The secret life of chickens
Assumed to be the lowest in the avian-intelligence pecking order, chickens are, in fact, more like feathered imitators
of Sherlock Holmes, says John Lewis-Stempel.
Why did the cockerel cross the track? To get to the barn, where the chicken feed is now stored.
Chickens? Often assumed to be the lowest in the pecking order of avian intelligence. The reality? The world’s most common farmed animal — there are 19 billion chickens on planet Earth — is not such a dumb-cluck.
Quite apart from possessing the numeracy skills of a human three year old, chickens are able to recognise 90 others in the flock (whether live or in photographs) and even do a passable feathered puzzle-solving imitation of Sherlock Holmes.
If something, such as the metal feed bin, is missing from one location, it has been moved elsewhere. Out of sight does not mean out of mind in chicken conceptualisation.
A study by Bristol University even suggests that chickens have the ability to perform ‘mental time travel’ and self-control. When presented with the option of pecking a key giving brief access to food after two seconds or pecking a second key giving prolonged access to food after six seconds, 93% of chickens tested chose the jackpot. Such self-control is not typically exhibited by human children until they are four.
Neither does chicken eggheadedness end there. In her review paper The Intelligent Hen, Christine Nicol, professor of animal welfare at the University of Bristol, proposes — slightly freakily — that the birds understand structural engineering, by demonstrating an uncommon interest in diagrams of buildable objects over ones that defy physics.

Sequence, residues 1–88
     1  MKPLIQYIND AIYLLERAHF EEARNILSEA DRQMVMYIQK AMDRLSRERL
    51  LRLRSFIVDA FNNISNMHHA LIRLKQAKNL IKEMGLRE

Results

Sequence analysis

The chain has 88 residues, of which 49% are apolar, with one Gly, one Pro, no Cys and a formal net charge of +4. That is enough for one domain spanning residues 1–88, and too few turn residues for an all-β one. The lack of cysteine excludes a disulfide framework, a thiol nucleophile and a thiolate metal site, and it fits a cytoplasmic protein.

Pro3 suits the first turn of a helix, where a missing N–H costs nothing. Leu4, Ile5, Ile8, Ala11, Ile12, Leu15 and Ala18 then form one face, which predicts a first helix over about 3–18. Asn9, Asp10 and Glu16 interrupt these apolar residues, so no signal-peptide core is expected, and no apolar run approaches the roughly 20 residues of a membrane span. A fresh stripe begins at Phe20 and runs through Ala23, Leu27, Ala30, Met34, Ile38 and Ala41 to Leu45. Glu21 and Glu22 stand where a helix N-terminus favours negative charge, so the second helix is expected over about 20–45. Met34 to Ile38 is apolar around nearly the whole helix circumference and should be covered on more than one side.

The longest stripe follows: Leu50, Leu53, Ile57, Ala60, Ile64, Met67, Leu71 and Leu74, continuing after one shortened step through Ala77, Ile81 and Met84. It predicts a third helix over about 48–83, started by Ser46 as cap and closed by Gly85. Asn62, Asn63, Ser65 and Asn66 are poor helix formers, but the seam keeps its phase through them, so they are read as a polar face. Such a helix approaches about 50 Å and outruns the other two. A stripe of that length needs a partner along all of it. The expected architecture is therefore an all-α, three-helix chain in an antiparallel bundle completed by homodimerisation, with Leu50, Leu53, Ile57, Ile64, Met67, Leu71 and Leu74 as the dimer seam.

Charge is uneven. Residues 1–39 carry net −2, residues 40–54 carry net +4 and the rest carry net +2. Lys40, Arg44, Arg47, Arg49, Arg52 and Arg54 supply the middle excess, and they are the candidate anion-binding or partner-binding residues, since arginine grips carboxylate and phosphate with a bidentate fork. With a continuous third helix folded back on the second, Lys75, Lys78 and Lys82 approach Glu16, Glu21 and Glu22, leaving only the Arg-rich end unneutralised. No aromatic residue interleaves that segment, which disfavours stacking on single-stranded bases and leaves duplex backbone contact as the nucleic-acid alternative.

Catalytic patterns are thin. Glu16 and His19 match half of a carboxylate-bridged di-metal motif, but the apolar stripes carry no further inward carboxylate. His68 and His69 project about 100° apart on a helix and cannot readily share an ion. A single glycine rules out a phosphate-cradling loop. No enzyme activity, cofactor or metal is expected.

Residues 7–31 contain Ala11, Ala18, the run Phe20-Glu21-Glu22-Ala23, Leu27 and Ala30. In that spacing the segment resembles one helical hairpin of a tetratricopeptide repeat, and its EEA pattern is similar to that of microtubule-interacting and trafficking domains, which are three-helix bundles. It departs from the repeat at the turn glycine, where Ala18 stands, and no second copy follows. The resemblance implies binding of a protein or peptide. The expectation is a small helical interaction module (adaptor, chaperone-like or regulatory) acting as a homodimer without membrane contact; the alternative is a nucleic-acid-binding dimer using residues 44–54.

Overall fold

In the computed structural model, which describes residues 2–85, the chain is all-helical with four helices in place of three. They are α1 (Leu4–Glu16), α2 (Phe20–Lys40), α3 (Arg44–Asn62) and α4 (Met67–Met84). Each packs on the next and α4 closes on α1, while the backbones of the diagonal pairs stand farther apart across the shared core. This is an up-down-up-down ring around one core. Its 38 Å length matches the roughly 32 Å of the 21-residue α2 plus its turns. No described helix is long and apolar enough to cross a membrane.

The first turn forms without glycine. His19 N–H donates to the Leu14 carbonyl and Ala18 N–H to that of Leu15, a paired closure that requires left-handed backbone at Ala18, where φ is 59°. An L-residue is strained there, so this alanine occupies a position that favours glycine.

Indeed, the chicken’s grey matter is actually derived from the same neuroanatomical substrate as the mammalian forebrain. Moreover, chicken brains are as lateralised as our own, meaning the right and left hemispheres divide up tasks rather than duplicating the work necessary to accomplish them.
Despite 10,000 years of domestication, farmed chickens remain similar to their wild counterparts. Thus the farmyard hen sees a broader range of colours than humans, kens low-frequency sounds beyond our ear and can simultaneously focus on objects close up and far away. Many breeds even retain the avian ability to orient to magnetic fields.
You can take the hen out of the jungle, but not the jungle out of the hen. (If in doubt, try showing a Light Sussex a silhouette of a hawk.)
Scientists, on scratching the surface of chicken cognition and psychology, have found that Gallus gallus domesticus experience a range of emotions, from pleasure to boredom to pain.
Chickens can also empathise. In a series of studies at Bristol University, the boffins puffed air, a mildly aversive experience, at chicks. The chicks’ mothers were fitted with heart-rate monitors: their tickers raced in distress at the treatment of their offspring. The mother hens also called out in maternal alarm. However, the same hens showed no significant physiological or behavioural response to air puffs in their own cage.
Hens homeschool, teaching their picture-cute fluffy offspring what to eat and how to identify dangerous areas. ‘Mother hen’, it transpires, is a sage and complimentary saying.
Nature has played a cruel trick on the chicken. Those weird, staring eyes suggest mechanistic remoteness. Experience, however, suggests chickens are characterful, individualistic and as keen as every other farmyard animal on some TLC.
Chickens make great companion animals. They’re as colourful as guppies, but more affectionate, as cute as hamsters, but better tasting, and altogether superior mousers to cats. And they do deductive reasoning like Mr Holmes of Baker Street.
Chickens? There is more to them than McNuggets in the making.